Still Wild About Greens
I swear, Wild About Greens by Nava Atlas is the most useful cookbook I’ve ever owned. Find yourself impulsively buying greens, regardless of whether you know how to cook them? No? You don’t do that? I don’t believe you. Anyway, if you do end up doing such a thing, all you have to do is look up the green in this book and all of the recipes utilizing it are listed right there. Magnificent. Greens often end up in my house this way. For example, I saw some escarole at the local market a while back and had absolutely no idea how to cook it, having never eaten it or even seen it before. That naturally didn’t stop me from snatching it up. Good thing, too.
Because then I wouldn’t have gotten to eat this pasta with escarole and two beans! The fact that I didn’t have half of the ingredients didn’t stop me either. I was just chatting with a co-worker today about how, when we first started cooking, we would never have thought to change a recipe around. Not have all the ingredients or not like one of them? Guess I wasn’t making it then. I’m so glad I know better now. Regardless of the fact that I didn’t have one of the types of beans this called for, I did have two different types of beans in my cabinet (cannelini and garbanzo!), so in they went. It also called for sun dried tomatoes, but I didn’t have any of those. Luckily, I had bought a lovely little package of local heirloom cherry tomato varieties, so I substituted those. No harm, no foul. They actually made it even lovelier than it would have been, with all their different colors and sizes.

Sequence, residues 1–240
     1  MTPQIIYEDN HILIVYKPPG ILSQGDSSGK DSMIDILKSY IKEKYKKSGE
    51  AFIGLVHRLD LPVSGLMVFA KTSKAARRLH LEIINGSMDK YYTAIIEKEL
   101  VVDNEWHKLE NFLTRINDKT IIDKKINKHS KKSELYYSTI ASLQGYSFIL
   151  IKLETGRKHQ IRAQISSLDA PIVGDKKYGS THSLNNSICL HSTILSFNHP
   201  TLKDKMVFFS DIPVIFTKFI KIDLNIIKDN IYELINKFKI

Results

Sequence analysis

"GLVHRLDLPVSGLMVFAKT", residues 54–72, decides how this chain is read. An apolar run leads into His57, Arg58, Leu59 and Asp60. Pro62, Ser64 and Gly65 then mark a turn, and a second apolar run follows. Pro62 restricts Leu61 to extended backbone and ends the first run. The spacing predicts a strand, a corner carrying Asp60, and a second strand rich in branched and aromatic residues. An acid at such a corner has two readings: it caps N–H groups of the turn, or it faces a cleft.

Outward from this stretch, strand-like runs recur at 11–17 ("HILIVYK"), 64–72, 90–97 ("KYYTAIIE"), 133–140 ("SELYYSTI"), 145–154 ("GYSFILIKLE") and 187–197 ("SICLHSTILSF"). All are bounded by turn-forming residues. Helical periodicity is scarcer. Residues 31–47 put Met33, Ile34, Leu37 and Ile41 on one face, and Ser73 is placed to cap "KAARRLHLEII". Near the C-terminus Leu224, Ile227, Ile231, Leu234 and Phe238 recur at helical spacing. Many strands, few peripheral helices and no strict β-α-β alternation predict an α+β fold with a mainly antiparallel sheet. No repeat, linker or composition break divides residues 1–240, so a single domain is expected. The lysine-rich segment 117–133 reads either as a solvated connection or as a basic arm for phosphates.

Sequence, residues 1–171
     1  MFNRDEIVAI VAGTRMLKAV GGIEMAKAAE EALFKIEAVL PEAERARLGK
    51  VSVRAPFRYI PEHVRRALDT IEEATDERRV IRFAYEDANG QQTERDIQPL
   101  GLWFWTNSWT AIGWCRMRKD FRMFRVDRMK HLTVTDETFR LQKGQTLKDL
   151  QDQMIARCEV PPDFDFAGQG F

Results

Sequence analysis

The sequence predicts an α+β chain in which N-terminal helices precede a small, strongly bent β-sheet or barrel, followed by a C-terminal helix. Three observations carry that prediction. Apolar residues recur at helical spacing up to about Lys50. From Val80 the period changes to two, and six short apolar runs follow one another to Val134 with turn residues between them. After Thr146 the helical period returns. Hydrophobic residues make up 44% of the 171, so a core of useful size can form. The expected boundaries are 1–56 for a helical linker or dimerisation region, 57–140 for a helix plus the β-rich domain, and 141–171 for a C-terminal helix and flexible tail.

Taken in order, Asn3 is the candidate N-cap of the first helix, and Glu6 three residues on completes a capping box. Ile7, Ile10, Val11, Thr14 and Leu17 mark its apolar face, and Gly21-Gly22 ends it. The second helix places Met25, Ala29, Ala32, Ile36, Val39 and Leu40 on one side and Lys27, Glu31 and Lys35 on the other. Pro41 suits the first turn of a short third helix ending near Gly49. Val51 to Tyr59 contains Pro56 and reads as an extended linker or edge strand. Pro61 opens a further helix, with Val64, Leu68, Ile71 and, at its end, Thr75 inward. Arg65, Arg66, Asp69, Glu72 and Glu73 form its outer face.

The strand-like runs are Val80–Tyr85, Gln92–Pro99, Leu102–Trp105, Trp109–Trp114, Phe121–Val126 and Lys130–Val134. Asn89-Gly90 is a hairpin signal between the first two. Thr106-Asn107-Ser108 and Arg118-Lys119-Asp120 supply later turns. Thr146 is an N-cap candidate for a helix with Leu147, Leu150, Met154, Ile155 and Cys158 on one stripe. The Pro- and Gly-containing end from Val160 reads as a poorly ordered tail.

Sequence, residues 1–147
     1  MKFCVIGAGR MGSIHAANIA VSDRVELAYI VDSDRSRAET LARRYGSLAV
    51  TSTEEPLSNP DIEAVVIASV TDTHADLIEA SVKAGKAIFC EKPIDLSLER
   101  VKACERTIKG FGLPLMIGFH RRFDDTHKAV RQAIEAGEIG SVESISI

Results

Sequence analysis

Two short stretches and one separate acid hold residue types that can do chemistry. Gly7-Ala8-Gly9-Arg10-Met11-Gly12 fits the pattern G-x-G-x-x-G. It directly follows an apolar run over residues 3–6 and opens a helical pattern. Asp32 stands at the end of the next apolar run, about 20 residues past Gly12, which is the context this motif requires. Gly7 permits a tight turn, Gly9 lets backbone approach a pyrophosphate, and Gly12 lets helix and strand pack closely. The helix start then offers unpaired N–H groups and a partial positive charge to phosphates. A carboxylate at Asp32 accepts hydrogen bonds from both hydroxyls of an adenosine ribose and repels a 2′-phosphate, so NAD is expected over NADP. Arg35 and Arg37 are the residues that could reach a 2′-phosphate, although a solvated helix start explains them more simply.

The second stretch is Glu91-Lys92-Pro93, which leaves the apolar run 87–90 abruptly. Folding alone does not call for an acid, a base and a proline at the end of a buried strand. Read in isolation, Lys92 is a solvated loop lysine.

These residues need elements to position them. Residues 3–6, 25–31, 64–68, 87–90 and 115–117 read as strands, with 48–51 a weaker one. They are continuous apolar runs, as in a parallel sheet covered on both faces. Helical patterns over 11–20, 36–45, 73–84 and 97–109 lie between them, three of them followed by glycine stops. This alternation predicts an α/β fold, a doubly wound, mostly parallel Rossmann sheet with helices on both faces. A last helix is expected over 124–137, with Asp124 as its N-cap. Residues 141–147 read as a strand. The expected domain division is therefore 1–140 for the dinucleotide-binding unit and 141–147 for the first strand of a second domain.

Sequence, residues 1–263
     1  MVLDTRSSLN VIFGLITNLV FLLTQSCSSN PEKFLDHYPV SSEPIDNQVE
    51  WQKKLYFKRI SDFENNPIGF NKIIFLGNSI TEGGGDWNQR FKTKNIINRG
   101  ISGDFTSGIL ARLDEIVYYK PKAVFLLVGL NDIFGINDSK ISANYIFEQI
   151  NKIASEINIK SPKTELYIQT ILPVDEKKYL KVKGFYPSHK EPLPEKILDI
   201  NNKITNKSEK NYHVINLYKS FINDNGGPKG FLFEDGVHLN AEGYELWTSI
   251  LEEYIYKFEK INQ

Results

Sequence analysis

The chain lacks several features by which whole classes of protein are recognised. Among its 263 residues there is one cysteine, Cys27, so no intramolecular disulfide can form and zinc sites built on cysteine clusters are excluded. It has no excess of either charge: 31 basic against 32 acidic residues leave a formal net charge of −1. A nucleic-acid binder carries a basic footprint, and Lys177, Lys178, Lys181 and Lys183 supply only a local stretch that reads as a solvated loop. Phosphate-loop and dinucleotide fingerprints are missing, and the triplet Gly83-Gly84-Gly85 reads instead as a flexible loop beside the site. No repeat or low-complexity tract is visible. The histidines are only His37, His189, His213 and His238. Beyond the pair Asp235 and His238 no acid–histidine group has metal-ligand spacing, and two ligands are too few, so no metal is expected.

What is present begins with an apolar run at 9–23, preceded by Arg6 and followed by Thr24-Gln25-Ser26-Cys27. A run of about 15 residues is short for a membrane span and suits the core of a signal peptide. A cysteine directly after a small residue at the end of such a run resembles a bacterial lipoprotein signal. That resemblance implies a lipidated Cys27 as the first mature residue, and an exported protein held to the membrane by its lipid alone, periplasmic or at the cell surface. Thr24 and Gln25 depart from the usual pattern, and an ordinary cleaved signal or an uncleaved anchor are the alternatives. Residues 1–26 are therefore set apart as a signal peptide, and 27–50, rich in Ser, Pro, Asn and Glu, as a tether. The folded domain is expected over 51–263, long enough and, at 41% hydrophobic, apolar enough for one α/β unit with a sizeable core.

Nava says that escarole is kind of like a really hearty romaine lettuce, and that’s a good way of putting it. It had a really mild flavor, with no trace of the bitterness that occurs in many types of other greens. Also, the stem is edible, so you don’t need to do all that extra work of tearing the leaves off and discarding those woody stems, like with kale or collards. I love greens with edible stems (I’m looking at you, beet greens and swiss chard!); they make me feel much less wasteful.
Another day in the recent past, I stumbled across a package of arugula that was on sale, thus meaning that it was doomed to expire soon. To the greens book! The boyfriend is not a fan of arugula, so I knew that this creation would be all me. And since I can’t stop making soup, I did that again.
This curry arugula soup with chickpeas was not my favorite recipe from the book thus far. Granted, all the recipes I’ve made have been incredibly simple with fresh, but not complex flavor profiles. And I sort of blame the fact that I’ve been learning to cook curries, like real curries, from whole spices, so the last of my store-bought curry powder is tasting a bit lackluster for me lately. Still, it wasn’t bad, just not too exciting. That doesn’t sound like a glowing endorsement, I guess… I also think I would have loved it more if I had had help eating on it. If something doesn’t knock your socks off in the beginning, the fact that you then eat it for lunches and dinner for a few days in a row just makes you resent it. I know I’m not the only one who doesn’t like to throw out food just because it’s a little boring, and then just heaves a sigh when I still have three servings left of it.
Anyway. I loved the arugula in it, which was the point. I absolutely will make this again, but using whole spices instead of curry powder (like I did with my old pal Curried Cabbage and Peas).
Today my CSA had mustard greens, which I threw away the last time I tried to cook them because they tasted so horrible, so I’m going to be leafing through the book again when I get home!
Local: escarole, tomatoes, carrots, basil, garlic